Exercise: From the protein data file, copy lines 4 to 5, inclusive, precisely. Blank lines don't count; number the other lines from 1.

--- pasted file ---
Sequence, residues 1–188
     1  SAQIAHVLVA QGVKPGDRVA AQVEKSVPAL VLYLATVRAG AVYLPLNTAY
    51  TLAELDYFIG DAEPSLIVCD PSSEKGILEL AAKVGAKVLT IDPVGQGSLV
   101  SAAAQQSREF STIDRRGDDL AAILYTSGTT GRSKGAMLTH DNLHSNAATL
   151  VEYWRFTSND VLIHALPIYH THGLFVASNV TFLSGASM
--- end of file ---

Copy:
   101  SAAAQQSREF STIDRRGDDL AAILYTSGTT GRSKGAMLTH DNLHSNAATL
   151  VEYWRFTSND VLIHALPIYH THGLFVASNV TFLSGASM